Publishing Talks: David Wilk interviews Glenn Nano
In this series of interviews, called Publishing Talks, I have been having conversations with both book industry professionals and others with interesting perspectives about the future of publishing, books, and culture. This is a period of disruption and change for all media businesses. We must wonder now, how will publishing evolve as our culture is affected by technology, climate change, population density, and the ebb and flow of civilization and economics?
I hope these Publishing Talks conversations can help us understand the outlines of what is happening in, around and to the publishing industry, and how we might ourselves interact with and influence the future of publishing and culture as our interesting present unfolds into the future.
These interviews give people in and around the book business a chance to talk openly about ideas and concerns that are often only talked about “around the water cooler,” at industry conventions and events, and in emails between friends and they give people inside and outside the book industry a chance to hear first hand some of the most interesting and challenging thoughts, ideas and concepts being discussed by people in the book business.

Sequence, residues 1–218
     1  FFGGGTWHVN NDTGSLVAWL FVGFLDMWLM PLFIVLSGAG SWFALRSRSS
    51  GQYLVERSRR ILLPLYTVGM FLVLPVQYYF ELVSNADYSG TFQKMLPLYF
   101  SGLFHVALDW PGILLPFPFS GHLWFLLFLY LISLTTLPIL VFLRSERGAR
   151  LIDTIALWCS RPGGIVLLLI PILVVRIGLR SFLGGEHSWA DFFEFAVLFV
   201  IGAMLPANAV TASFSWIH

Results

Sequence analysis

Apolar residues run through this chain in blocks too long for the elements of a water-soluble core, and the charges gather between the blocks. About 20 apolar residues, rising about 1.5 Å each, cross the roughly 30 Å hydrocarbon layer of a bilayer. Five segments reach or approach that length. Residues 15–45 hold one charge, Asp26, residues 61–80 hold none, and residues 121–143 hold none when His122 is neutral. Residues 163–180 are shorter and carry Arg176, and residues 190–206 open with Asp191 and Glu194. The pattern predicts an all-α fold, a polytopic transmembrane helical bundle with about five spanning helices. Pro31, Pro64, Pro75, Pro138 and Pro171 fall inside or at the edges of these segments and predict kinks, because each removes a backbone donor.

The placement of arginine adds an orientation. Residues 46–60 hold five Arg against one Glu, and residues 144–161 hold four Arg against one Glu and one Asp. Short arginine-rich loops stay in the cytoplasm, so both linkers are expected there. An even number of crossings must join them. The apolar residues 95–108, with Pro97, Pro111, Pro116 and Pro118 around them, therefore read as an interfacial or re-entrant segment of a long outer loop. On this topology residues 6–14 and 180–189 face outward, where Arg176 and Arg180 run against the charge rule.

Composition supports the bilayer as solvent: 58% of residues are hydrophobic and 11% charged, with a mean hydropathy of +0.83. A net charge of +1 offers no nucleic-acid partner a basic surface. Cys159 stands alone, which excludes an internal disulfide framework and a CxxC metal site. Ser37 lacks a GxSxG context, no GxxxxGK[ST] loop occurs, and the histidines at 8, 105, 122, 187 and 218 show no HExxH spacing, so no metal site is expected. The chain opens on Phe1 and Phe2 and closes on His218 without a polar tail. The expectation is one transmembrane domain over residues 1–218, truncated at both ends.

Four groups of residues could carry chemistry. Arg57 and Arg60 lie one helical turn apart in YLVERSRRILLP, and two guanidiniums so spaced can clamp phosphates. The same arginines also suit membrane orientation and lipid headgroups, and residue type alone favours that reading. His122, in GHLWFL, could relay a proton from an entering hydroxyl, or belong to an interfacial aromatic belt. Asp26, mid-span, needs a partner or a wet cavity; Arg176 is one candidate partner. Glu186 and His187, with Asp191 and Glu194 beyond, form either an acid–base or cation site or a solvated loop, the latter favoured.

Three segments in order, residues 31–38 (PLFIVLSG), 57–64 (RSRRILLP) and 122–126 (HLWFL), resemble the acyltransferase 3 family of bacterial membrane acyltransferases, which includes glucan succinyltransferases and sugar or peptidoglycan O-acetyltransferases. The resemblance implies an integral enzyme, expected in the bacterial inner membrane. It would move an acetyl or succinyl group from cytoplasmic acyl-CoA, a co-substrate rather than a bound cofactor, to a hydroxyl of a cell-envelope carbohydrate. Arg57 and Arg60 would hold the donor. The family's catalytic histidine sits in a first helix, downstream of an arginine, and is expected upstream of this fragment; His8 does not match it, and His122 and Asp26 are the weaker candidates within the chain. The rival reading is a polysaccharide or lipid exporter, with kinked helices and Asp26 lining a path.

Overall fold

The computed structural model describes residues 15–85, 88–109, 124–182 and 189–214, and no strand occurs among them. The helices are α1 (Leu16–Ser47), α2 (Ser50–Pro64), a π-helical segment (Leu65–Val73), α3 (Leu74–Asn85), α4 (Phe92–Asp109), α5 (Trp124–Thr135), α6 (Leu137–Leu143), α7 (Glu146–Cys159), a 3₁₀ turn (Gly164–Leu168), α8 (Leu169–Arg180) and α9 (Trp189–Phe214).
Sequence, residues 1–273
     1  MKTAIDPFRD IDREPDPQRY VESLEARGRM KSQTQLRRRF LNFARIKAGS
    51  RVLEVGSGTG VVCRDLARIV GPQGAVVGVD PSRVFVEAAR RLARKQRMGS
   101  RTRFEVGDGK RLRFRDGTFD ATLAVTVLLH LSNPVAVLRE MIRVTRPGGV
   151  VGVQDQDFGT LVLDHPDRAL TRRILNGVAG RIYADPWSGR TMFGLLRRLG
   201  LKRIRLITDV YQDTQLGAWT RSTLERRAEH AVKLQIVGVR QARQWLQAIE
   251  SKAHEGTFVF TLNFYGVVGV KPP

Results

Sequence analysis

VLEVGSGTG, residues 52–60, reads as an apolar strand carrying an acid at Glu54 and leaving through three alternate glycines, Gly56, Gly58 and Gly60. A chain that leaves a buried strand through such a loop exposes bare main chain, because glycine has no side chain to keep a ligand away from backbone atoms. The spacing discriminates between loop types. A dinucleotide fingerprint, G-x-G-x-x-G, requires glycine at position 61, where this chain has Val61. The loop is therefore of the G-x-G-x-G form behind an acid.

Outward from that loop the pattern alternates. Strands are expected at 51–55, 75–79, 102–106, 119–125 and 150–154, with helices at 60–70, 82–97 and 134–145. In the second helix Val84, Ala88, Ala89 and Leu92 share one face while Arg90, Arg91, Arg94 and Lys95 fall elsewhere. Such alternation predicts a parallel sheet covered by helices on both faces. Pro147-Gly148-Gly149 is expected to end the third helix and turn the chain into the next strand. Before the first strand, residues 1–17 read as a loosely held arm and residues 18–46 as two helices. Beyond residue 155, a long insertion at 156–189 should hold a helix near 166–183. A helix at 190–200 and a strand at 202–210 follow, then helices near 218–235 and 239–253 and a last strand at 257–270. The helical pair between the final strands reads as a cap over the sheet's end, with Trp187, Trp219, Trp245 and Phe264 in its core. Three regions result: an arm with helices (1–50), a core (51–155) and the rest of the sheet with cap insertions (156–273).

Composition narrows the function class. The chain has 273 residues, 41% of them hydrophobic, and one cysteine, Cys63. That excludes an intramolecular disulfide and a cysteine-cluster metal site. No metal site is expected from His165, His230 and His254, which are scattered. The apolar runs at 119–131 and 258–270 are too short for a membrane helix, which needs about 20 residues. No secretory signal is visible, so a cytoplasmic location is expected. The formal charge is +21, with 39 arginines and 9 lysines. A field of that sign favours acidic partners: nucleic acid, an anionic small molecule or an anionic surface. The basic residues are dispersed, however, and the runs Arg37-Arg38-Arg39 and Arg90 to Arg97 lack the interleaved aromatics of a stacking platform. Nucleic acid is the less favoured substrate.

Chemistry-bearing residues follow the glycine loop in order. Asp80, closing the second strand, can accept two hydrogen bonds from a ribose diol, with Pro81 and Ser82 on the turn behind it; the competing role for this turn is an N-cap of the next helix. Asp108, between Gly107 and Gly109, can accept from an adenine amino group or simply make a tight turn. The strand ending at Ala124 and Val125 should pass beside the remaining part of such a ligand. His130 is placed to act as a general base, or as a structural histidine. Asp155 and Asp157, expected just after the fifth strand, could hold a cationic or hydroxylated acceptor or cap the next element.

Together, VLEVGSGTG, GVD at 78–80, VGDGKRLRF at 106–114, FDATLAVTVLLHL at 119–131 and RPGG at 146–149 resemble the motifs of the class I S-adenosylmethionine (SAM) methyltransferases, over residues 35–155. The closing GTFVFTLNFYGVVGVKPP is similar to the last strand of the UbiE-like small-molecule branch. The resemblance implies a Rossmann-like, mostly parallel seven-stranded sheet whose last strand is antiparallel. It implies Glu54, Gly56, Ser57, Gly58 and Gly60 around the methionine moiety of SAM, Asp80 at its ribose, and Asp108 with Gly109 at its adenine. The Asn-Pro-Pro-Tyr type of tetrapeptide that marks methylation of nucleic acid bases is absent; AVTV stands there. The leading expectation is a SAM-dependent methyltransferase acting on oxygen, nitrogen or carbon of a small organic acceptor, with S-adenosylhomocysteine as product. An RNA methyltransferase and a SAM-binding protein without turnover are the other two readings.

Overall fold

Glenn Nano is a truly amazing guy I ran across first when he founded Code Meet Print, a “community at the intersection of texts + technology that will contemplate, define, and help build better interfaces for engagement, more relevant curators for discovery, and more useful marketplaces for dissemination of great writing and content to eager readers.” And at Tools of Change this year in New York, I had the pleasure of moderating a panel called “Beyond Devices: Is The Real Value of eBooks Social Engagement?” on which Glenn appeared, and impressed me with his incisive and original thinking.
Evidently, Glenn is a serial entrepreneur who brings great ideas into being, or spurs them forward. Aside from CodeMeetPrint, he also created Dictator Goods (you have to visit this site), was a principal at Centurion Venture Partners, and most recently engineered a very interesting start up called AnswerQi (“tech answers from real experts in real-time”, which I think is taking up most of his abundant energy for the moment.
As Glenn wrote in the introduction to Code Meet Print: “Words are finding new modalities, and innovators across disciplines have begun to experiment with how technology might improve their creation, curation, and consumption.” This sums up very nicely what so many people involved in writing, publishing and reading are trying to understand right now.
I am very pleased to have had the opportunity to talk with Glenn about his views of the current state of publishing, storytelling and writing, and his views about where we are headed. I think you will find this conversation to be among the most interesting on these now well-worn subjects that you will hear or read. Glenn thinks about the digital present in a way that I think alot of people whose roots are in traditional publishing simply do not natively understand. So there is always something for us to learn from what he has to say.